TSA says item at Phoenix airport not explosive

TSA says item at Phoenix airport not explosive

PHOENIX (AP) – The Latest on a security situation Monday morning at Sky Harbor International Airport in Phoenix (all times local):

7:25 a.m.

A security checkpoint at Sky Harbor International Airport in Phoenix has reopened after a police bomb squad was summoned to check out an item that produced a suspicious X-Ray image.

Transportation Security Administration spokesman Michael England says the bomb squad checked the item and determined it wasn’t explosive. Airport spokeswoman Julie Rodriguez says the closure lasted about an hour Monday morning.

Matt Cowan was among the passengers evacuated. He says passengers were feeling antsy because of the lack of information, but they were understanding as staff scurried to make up for the delay after the checkpoint reopened.

No additional information was immediately available.


6:50 a.m.

A Phoenix Police Department bomb squad is at Sky Harbor International Airport to check out a suspicious image at a security checkpoint.

Transportation Security Administration Michael England says the checkpoint was evacuated Monday morning. England says no additional information is immediately available.

Airport spokeswoman Julie Rodriguez says some American Airlines flights might be delayed.

Police spokesman Trent Crump confirmed that police are assisting TSA at the airport but declined to elaborate.

The checkpoint is in Terminal 4, which serves American and Southwest airlines.

Copyright 2016 The Associated Press.

About The Author

Eduardo Santiago joined the FOX 9 and ABC 5 news team in February, 2012. That’s the same year KECY launched its very first local newscast. He has been covering local news in Yuma and the Imperial Valley since his start as a KYMA photojournalist in 2006. During his decade in broadcasting, Eduardo has covered some of the biggest stories in the Desert Southwest – from President Bush’s visit to Yuma, Ariz. to the uncovering of drug tunnels that span the US-Mexico border. One of the most memorable stories Eduardo covered was the 2010 Easter Earthquake that rocked the Imperial Valley, Mexicali, and Yuma. Eduardo, along with his news team, won an award from the Associated Press for best coverage of an ongoing story following the quake. Before he made his move to TV, Eduardo was just a kid born in East Los Angeles, where he spent his early childhood. His parents moved him to Mexicali, B.C. Mexico, where he did most of his elementary school education. He finally landed in El Centro, where he graduated from Central Union High School in 2005. Eduardo is currently a student at Imperial Valley College. You can find Eduardo hanging out in the Imperial Valley and Yuma with his family on any given weekend. His off-screen passion is playing guitar and sports.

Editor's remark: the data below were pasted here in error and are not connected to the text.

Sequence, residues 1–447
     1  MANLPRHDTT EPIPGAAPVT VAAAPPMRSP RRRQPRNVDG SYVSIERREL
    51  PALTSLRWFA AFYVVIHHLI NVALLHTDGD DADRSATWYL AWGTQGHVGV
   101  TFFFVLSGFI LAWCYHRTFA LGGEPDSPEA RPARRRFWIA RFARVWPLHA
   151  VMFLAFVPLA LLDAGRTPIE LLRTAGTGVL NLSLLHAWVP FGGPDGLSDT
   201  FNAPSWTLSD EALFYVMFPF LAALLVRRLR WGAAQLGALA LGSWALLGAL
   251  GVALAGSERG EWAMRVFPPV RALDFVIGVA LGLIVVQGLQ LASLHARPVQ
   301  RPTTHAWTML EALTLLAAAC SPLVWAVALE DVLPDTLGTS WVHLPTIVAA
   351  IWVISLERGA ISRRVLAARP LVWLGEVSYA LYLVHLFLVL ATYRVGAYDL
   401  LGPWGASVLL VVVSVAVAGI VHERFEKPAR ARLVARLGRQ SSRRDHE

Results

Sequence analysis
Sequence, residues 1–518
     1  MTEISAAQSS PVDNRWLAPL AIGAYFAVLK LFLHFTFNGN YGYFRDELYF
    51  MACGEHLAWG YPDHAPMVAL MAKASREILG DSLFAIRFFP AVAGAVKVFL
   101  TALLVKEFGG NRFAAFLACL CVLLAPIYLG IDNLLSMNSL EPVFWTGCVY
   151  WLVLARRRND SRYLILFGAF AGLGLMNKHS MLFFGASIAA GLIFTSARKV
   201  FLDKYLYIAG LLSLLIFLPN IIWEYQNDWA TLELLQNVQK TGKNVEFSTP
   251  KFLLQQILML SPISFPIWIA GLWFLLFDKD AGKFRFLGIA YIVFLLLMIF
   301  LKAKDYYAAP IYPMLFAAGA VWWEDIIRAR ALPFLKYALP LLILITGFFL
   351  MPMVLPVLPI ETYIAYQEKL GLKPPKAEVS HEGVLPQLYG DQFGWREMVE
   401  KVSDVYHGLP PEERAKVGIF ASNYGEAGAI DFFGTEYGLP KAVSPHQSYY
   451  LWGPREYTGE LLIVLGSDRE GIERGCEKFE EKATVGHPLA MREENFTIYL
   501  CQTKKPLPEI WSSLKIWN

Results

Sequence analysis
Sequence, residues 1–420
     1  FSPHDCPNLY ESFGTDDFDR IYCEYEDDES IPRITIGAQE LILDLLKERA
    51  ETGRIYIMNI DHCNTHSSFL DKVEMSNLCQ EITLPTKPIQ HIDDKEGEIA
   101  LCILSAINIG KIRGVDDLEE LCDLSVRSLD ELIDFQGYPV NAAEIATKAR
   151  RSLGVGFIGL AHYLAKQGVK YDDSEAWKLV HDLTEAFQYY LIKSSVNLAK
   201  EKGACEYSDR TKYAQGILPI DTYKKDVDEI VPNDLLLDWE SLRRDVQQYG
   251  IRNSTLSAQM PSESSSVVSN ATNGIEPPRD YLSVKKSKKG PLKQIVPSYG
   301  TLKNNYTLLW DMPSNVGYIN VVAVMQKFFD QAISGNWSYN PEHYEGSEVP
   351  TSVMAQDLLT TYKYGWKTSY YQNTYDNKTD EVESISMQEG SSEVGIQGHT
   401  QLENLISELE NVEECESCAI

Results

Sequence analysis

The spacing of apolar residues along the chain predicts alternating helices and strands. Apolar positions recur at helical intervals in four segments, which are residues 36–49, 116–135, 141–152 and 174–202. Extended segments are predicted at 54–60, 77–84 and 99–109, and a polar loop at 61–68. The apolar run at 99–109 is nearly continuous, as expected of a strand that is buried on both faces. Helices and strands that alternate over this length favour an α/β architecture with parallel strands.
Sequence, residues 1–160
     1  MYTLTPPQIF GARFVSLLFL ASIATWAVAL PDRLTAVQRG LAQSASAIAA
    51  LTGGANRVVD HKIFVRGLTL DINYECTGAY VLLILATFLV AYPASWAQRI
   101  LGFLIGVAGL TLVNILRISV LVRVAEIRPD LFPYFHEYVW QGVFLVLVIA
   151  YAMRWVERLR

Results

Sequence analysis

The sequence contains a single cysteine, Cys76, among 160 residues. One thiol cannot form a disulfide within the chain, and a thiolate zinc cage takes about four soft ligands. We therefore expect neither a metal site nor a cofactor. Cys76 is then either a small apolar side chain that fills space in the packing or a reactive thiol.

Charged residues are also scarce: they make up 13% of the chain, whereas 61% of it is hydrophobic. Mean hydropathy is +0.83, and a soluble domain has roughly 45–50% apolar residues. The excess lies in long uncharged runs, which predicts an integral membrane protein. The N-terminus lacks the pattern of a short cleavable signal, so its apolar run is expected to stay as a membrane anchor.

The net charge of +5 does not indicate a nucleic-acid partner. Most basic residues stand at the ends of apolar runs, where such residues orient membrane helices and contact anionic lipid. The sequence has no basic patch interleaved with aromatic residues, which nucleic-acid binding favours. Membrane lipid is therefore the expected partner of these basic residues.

Related posts